Lumpy, Sneezy, Dopey and Doc (Or Why Policies can Suck It) – Part 2

Part 2:  Sneezy

In her first 2 years of life, my darling daughter, Calamity Jayne, had more than 20 ear infections.  It seems that every time she caught a cold, she got an ear infection.  And she caught a lot of colds.

I feel totally cheated by this injustice.

I nursed her for nine months – throwing caution and modesty to the wind by pumping in offices, airports, and hotel rooms.  I took nursing-lunches in our car when my uber-understanding hub drove down to my office to afford me baby time during my post-partum battle.

Yet my bub was a snotty, sneezy mess for much of her young life.  She had several ear infections that lasted months because the antibiotics we used to treat her didn’t cure the infection.

Pediatricians we saw offered little advice.

Instead, we were reassured that “kids get sick.”  I admit, I was comforted that this wasn’t my ‘fault.’  As a first-time parent, I was fairly convinced that I was doing it wrong.  (And by “it” I mean everything.)

We saw plenty of pediatricians.  This wasn’t a situation where one doctor was responsible for our inability to prevent or treat her ear infections.  Our Chicago practice has more than a dozen doctors on staff.  We love being able to get an appointment at any time and having the diversity of experience, thought, and treatment that all those doctors provide.  Our St. Louis practice was smaller but seemed wholly competent in their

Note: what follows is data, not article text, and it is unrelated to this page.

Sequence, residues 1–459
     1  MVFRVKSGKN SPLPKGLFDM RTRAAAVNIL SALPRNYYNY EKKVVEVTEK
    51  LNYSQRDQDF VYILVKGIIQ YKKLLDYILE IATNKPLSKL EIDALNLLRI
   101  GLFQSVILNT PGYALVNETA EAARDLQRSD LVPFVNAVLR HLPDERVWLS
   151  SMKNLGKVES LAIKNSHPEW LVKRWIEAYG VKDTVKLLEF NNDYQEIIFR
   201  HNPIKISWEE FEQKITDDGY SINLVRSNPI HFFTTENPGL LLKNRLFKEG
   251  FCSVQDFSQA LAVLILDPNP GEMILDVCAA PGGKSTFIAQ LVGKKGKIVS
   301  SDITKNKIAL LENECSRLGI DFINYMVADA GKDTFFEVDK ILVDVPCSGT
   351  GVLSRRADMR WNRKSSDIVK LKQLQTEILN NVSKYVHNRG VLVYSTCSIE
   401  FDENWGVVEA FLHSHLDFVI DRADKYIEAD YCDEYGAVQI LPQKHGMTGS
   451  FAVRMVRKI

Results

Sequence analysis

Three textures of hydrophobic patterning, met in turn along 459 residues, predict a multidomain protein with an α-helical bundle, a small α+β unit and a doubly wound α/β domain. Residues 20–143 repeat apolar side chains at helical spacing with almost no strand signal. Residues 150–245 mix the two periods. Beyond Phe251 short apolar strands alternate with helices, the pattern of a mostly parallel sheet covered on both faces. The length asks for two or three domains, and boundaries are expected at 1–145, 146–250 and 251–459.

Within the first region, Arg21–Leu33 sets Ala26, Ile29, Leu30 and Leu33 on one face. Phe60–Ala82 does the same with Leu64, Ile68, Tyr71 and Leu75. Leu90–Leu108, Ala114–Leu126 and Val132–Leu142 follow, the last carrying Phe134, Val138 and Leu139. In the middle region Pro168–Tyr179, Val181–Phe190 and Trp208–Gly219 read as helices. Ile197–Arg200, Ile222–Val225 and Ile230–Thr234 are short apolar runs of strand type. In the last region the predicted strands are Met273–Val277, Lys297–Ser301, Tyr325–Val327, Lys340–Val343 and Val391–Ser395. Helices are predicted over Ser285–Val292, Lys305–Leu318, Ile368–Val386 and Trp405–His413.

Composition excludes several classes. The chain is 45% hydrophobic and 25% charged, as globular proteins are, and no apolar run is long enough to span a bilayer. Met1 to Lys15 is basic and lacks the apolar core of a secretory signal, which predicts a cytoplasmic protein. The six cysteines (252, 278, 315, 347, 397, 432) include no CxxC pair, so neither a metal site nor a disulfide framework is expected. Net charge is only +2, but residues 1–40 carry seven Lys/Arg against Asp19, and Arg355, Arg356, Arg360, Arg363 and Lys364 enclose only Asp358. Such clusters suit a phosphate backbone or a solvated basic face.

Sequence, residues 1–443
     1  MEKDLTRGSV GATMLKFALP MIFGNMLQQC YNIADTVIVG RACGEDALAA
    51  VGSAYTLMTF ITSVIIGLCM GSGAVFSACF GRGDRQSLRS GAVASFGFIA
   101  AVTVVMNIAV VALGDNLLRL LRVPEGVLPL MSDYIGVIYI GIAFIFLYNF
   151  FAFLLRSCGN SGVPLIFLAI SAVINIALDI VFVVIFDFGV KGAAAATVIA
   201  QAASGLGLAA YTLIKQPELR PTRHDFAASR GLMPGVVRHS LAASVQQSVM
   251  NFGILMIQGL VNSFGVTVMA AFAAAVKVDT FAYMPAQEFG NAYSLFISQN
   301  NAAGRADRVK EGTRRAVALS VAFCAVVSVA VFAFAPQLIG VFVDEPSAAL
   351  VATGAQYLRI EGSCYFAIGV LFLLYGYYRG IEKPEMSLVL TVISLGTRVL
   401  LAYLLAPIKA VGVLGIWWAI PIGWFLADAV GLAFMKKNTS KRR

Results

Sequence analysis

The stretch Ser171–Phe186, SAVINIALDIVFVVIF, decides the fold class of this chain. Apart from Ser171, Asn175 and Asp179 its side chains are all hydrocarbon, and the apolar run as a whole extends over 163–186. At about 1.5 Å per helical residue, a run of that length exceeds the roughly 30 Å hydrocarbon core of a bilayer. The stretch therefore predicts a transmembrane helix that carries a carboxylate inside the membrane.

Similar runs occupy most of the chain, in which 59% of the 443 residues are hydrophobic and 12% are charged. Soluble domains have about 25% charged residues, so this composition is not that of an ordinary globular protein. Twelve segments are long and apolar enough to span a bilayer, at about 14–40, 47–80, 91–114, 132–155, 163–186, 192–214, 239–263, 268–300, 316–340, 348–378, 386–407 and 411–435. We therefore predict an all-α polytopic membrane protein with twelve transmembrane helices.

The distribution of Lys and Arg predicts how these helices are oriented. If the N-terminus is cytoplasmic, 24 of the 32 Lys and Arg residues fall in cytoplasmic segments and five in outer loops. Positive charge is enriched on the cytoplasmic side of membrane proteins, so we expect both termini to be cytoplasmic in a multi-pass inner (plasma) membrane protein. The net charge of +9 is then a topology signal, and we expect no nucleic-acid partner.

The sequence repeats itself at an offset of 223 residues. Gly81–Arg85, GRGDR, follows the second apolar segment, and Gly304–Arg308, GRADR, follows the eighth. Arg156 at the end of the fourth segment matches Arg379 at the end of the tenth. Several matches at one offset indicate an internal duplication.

treatment and fairly advanced in their technology and organization.

We thought we were doing everything we could.  And our doctors agreed.

Earlier this year, we saw a doctor at our Chicago practice in her 50s.  She took quite a long time with us (a rarity among all sick-care providers) and reviewed CJ’s charts all the way back to her birth.  She was really shocked at the volume of infections and the frequency with which we returned to the office.

She raised the red-flag.

She told us she suspected that the antibiotic courses we’d been given our daughter (non-penicillin because of an allergy) weren’t strong enough to kill the underlying sinus infection.  So, although the ear cleared with the single round, the sinus infection raged on and then landed right back in the ear(s).

This made sense.

She put us on back-to-back rounds of antibiotics.  Until the cough was gone (that pesky post-nasal drip from my childhood seems to have been inherited by Big Red), we kept re-upping the antibiotics.

Finally, after three rounds, the child was cough-free, sniffles free and ear pain free.

Around this time, my sage sister-in-law also raised the issue that no child this age should be doing so many rounds of antibiotics.  Drugs, as they say, are bad, mmkay?  Well, not ALL bad, but certainly this was a disproportionate amount of unnatural toxins for the itty-body of a toddler.  That, and she might just develop immunity to the only strain of antibiotics she can take leaving her susceptible to horrible sickness that most people would, well, sneeze at.

My sis also recommended that we see a specialist.  An Otolaryngologist.  So we got a recommendation, made an appointment, and saw a specialist.

The specialist asked us why we had waited so long to get our daughter seen.